When the apostle Paul is enumerating the peculiar privileges the nation had, he asserts, What advantage then has the Jew, or what is the profit of circumcision? Much in every way! Chiefly because to them were committed the oracles of God (Rom. 3:2). If the chief blessing of being an Israelite was being a possessor of God’s words, and God Himself says that those words were given to teach them to fear Him, then the fear of God is a central motif in the entire corpus of the Mosaic revelation.

The Book of Job

In the book of Job, we shift from God’s dealings to teach an entire nation His fear to His dealings with an individual Old Testament saint. This saint is not like the Pharisee who boasted of his own supposed attainments in grace, but one of whom God Himself boasts. The book begins with these words: There was a man in the land of Uz, whose name was Job; and that man was blameless and upright, and one who feared God and shunned evil (Job 1:1). The words blameless and upright constitute a description of the observable patterns of Job’s life. However, God goes on to describe the inward disposition that produced those patterns. Job is "one who feared God. This identification of the outward patterns and the inward principle of Job’s life is repeated in verse 8, Then the LORD said to Satan, ‘Have you considered My servant Job, that there is none like him on the earth, a blameless and upright man, one who fears God and shuns evil?’ The soul of Job’s external piety was this inward fear of his God. Verse 9 reads, So Satan answered the Lord and said, ‘Does Job fear God for nothing?’" Satan responds that God believes that the fear of His name is the soul of Job’s godliness, but Job has another dominant and self-serving motive for the service he renders to Him. The whole story then unfolds as God vindicates His claims on behalf of His servant Job. But we see that the essence of Job’s piety—and God’s estimation of all true piety—is that it is animated by and suffused with the fear of God.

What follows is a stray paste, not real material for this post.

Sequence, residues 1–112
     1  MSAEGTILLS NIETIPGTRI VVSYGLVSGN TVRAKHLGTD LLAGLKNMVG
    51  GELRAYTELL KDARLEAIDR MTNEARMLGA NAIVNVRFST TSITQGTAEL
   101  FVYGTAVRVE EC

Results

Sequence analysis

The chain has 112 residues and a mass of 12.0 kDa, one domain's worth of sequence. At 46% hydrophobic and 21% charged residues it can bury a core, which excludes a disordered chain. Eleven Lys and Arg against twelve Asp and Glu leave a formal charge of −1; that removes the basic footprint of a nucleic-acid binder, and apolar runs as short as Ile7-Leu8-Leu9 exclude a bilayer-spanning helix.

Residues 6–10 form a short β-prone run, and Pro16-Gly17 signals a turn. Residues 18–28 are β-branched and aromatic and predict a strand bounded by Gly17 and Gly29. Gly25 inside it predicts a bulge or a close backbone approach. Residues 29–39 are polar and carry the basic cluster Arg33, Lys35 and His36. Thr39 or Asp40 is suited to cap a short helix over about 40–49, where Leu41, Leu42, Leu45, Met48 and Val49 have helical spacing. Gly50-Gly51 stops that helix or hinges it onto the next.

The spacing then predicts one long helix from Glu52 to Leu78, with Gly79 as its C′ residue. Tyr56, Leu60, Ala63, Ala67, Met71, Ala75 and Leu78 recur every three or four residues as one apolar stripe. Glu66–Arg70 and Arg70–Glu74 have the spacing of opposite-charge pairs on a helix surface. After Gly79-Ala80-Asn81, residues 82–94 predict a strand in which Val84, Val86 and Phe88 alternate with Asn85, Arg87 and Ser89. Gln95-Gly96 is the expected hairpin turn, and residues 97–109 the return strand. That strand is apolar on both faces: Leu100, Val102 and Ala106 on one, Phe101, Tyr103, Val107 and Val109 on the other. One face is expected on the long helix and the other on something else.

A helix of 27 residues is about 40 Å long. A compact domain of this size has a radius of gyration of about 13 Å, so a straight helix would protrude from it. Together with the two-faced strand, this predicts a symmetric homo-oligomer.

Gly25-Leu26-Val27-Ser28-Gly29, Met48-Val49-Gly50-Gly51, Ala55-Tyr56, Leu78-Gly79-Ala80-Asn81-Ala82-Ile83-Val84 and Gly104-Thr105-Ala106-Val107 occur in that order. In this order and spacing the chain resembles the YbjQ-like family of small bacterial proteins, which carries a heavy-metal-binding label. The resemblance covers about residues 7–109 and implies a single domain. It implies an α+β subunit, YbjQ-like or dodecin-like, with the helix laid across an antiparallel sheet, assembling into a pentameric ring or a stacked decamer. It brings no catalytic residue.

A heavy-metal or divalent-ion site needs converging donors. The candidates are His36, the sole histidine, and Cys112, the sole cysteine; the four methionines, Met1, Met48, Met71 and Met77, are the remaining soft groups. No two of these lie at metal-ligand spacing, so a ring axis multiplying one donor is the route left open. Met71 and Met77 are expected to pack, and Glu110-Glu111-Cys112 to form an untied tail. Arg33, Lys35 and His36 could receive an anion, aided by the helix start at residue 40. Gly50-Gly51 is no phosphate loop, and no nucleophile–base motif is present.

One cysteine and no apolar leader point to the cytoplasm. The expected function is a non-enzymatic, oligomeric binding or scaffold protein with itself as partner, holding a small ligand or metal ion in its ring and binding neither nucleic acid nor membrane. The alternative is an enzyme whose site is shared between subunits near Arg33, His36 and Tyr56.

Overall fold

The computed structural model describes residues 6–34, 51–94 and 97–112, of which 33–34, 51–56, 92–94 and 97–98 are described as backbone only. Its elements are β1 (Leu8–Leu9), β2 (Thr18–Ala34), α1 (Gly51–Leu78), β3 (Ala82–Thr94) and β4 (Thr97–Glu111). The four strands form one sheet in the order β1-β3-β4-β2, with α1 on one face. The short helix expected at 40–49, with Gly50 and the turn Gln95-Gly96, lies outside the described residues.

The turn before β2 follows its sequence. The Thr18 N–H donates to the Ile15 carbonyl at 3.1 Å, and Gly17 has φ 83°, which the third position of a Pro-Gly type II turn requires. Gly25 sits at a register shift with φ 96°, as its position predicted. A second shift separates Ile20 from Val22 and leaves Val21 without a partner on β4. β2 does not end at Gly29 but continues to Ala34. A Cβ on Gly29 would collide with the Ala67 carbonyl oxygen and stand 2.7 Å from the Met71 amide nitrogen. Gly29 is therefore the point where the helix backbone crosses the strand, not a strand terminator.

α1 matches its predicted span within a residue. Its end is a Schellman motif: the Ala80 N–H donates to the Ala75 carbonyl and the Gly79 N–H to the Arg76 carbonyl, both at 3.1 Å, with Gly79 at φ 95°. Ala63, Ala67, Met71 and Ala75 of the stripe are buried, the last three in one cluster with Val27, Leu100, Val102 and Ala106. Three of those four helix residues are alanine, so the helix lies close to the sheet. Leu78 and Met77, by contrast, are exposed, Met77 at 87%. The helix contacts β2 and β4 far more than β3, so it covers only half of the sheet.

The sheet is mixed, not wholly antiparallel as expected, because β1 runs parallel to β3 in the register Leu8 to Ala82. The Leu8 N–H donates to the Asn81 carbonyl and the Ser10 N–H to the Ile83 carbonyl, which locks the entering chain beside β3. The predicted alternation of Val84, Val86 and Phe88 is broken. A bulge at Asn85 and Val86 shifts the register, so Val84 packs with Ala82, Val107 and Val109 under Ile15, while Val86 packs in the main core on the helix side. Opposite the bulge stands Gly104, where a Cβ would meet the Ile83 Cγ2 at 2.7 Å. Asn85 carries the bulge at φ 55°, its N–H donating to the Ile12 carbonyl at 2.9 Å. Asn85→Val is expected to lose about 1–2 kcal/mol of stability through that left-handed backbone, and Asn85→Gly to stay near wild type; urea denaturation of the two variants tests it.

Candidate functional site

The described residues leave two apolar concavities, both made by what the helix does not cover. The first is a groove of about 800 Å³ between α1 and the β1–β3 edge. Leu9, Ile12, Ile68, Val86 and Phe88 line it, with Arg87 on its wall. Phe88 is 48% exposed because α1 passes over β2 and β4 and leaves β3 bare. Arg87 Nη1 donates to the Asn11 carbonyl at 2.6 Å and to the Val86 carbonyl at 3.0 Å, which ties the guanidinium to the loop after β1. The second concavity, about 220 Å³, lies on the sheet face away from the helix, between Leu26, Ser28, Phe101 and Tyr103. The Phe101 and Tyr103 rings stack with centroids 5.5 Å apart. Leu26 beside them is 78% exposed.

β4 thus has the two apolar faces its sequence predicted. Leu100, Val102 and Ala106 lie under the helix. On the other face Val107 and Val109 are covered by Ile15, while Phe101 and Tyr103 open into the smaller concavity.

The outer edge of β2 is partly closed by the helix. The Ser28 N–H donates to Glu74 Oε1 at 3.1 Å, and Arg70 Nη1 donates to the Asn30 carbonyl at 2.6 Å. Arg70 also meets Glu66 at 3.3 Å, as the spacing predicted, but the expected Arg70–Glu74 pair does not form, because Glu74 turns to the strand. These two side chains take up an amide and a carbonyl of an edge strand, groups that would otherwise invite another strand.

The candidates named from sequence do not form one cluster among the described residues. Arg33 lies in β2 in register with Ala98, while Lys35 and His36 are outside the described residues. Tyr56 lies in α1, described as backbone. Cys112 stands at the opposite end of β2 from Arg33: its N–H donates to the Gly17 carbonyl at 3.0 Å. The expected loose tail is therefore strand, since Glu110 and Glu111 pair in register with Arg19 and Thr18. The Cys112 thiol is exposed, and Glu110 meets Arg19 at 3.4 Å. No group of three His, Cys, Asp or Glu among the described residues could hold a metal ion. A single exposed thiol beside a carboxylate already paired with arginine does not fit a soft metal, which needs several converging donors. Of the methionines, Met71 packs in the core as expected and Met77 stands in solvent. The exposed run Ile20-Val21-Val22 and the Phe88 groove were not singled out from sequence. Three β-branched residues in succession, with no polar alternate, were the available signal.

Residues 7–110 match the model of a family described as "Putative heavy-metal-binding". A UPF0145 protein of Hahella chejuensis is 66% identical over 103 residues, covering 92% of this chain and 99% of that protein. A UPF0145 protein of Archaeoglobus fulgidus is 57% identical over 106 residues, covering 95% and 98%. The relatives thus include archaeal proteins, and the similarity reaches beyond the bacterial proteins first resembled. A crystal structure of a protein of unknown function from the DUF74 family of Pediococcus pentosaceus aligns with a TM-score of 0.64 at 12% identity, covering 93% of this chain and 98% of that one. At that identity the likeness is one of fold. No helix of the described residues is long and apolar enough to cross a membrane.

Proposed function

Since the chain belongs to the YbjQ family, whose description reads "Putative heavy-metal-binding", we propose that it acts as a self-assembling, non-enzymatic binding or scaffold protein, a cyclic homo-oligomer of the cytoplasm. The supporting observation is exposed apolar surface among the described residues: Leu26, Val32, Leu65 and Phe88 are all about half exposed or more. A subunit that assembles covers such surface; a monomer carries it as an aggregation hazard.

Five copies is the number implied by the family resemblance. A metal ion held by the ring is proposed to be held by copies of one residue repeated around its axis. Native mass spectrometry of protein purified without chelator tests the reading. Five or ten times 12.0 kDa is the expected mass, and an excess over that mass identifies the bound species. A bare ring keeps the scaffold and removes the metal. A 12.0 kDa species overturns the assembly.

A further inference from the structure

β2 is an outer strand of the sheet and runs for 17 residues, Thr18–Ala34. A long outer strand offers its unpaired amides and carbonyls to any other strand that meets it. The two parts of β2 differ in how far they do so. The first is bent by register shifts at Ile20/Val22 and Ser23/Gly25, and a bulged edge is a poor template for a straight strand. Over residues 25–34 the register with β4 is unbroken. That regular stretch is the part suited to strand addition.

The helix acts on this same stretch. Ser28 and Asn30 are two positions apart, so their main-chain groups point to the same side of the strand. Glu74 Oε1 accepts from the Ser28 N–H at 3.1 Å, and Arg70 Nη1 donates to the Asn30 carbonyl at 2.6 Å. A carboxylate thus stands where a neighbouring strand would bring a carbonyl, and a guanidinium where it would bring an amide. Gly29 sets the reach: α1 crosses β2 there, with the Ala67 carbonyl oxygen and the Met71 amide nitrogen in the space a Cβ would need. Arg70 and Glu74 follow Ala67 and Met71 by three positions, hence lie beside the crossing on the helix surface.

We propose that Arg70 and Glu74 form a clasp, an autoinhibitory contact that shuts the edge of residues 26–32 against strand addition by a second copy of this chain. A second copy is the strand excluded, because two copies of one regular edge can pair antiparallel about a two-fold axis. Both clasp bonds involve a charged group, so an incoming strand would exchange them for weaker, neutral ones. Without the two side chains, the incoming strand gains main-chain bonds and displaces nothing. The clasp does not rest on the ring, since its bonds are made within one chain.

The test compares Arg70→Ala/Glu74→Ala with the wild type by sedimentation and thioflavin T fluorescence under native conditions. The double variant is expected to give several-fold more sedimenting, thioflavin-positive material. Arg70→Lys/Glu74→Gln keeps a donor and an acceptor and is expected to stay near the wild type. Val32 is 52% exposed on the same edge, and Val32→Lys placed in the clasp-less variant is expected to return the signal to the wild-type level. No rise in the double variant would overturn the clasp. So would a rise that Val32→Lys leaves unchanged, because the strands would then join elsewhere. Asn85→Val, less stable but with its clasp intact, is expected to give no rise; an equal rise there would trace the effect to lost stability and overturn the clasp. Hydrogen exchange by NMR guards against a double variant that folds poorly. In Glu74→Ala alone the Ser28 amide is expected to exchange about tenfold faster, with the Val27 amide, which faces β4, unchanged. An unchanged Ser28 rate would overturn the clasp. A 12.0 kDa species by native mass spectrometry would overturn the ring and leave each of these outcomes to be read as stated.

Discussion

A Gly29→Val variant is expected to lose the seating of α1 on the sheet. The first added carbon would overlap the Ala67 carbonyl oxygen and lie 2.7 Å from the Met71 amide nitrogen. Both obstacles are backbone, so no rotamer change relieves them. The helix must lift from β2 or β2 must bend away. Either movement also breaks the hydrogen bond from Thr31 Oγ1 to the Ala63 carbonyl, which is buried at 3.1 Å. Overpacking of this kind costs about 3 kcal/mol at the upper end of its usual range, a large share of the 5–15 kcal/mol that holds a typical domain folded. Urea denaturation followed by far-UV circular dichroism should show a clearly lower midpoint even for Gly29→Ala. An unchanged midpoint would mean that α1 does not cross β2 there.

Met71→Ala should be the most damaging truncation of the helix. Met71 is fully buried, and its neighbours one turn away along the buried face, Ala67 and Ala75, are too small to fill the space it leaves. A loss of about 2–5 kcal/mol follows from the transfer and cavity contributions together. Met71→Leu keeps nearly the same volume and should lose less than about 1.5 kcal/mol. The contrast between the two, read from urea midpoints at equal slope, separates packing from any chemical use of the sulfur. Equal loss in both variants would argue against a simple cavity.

The Psalms

As we observe the central place the Old Testament gives to the fear of God, we look next at the Psalms. Here we will find many references to the fear of God. In Psalm 2, God reveals His purpose to exalt His Son to His messianic throne from which He will execute both grace and judgment. Having announced that purpose, God then gives the following command:

Now therefore, be wise, O kings;

Be instructed, you judges of the earth.

Serve the LORD with fear,

And rejoice with trembling. (Ps. 2:10–11)

God is saying, In the light of what I have purposed to do with reference to My Son and the pivotal place which I have assigned to Him, the only right response is service rendered to Him that is carried out in the context of godly fear. Serve the LORD with fear. We must say, then, that if our view of Christ and His exaltation by the Father’s decree does not induce us to serve Him in the climate of godly fear, we have not rightly understood nor responded to the exaltation of the Son by the decree of the Father.

Psalm 67 is one of those great gospel psalms that focuses on the proclamation of God’s saving mercy to the ends of the earth. The psalmist pleads that God will be merciful to him and to His covenant people—to this end: That Your way may be known on earth, Your salvation among all nations (Ps. 67:2). And what will be the result of God’s saving message going out to the nations? The answer is in verse 7: God shall bless us, and all the ends of the earth shall fear Him. In other words, the whole end for which the gospel goes out through God’s covenant people is to teach the nations the fear of God. Does this not make the fear of God a most crucial issue in our understanding and experience of God’s salvation? God expresses His determination to bless His people in order that they in turn may bring blessing to others. He states His purpose in these words: God shall bless us, and all the ends of the earth shall fear Him (v. 7).

Psalm 103 contains several references to the fear of God, and they have a common thread. They teach us that the fear of God is an indispensable characteristic of the true people of God. So much is this the case, that in describing the true people of God, the psalmist uses this phrase—those who fear God. Notice verse 11: For as the heavens are high above the earth, so great is His mercy toward those who fear Him. Does it say that His mercy is toward all men? No. The idea that God’s redemptive love is just some kind of a general, gushy benevolence that is focused on all men without distinction is not the teaching of Holy Scripture. Here the psalmist says, "His mercy [is] toward those who fear Him." His peculiar love is on His people. And who are His